Mr Trump allowed himself to be cornered by Mr Wallace and Mr Biden on his seeming support of white supremacist groups, meaning he might lost some undecided voters who still trust him to rebuild the economy more than they do Mr Biden.

So you’re saying there’s a chance?

Despite it all, every controversy and self-inflicted wound, the president remains within striking distance of Mr Biden.

For instance, one new poll out on Tuesday drew headlines for declaring the former VP is up 10 percentage points in Pennsylvania, which experts say Mr Biden cannot lose and still win the White House. But that survey came with a whopping 5-point margin of error. That suggests the Keystone State battle is much closer than polls indicate.

Mr Trump either leads or is within three percentage points in just enough key swing states to show Election Night could become Election Month: Arizona, North Carolina, Florida, Ohio, Texas, Georgia and Iowa.

One former US military commander slammed Mr Trump’s debate remarks and said the outcome of November’s election is “existential for the future of our American democracy.”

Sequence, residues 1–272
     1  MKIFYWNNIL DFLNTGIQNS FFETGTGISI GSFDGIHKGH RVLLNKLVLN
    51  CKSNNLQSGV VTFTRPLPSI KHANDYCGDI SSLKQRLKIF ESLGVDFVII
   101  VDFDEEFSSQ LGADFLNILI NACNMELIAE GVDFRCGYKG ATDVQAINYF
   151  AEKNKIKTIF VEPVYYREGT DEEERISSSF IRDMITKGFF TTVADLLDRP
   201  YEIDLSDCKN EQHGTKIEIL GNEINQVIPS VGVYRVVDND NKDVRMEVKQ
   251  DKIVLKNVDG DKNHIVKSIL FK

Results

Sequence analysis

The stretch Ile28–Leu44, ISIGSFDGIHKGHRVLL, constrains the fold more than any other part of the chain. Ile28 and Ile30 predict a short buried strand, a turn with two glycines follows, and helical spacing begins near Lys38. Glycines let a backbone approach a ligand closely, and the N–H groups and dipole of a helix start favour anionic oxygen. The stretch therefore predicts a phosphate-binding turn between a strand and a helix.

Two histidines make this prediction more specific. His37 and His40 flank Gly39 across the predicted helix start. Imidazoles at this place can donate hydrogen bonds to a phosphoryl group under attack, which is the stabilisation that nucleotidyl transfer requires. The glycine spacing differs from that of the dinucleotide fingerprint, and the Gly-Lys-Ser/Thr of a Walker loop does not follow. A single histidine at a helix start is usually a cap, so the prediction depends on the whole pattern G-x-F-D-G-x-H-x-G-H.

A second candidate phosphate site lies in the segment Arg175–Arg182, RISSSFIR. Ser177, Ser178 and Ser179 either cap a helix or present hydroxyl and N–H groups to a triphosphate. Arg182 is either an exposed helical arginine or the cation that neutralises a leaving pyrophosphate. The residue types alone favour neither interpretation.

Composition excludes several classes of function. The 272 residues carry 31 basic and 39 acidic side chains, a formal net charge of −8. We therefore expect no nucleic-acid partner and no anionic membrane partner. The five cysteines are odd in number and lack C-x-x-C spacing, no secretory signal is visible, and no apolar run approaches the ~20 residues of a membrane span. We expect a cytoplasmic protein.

“One could easily be excused for emerging from last night’s presidential debate convinced that American democracy is under direct assault by the president of the United States,” according to John Allen, the retired Marine Corps general who now is president of the Brookings Institution. “I take absolutely no pleasure in this observation. This is an extraordinarily dangerous moment for our nation, and with so much on the line in this upcoming election, we must unequivocally condemn positions and policies antithetical to who we are as a people.

“This (Proud Boys) is an organization widely condemned as a hate group, with white nationalist rhetoric permeating their every move,” Mr Allen added. “Whatever the president intended with this provocative phrase (“stand back and stand by”) is irrelevant because this group has embraced it as validation of their cause and a call to arms itself.”

It’s simply an unwise time to throw in with the likes of the Proud Boys. Yet, so very Trumpian. Why?

 He simply cannot afford to lose a single vote from what’s left of his 2016 coalition.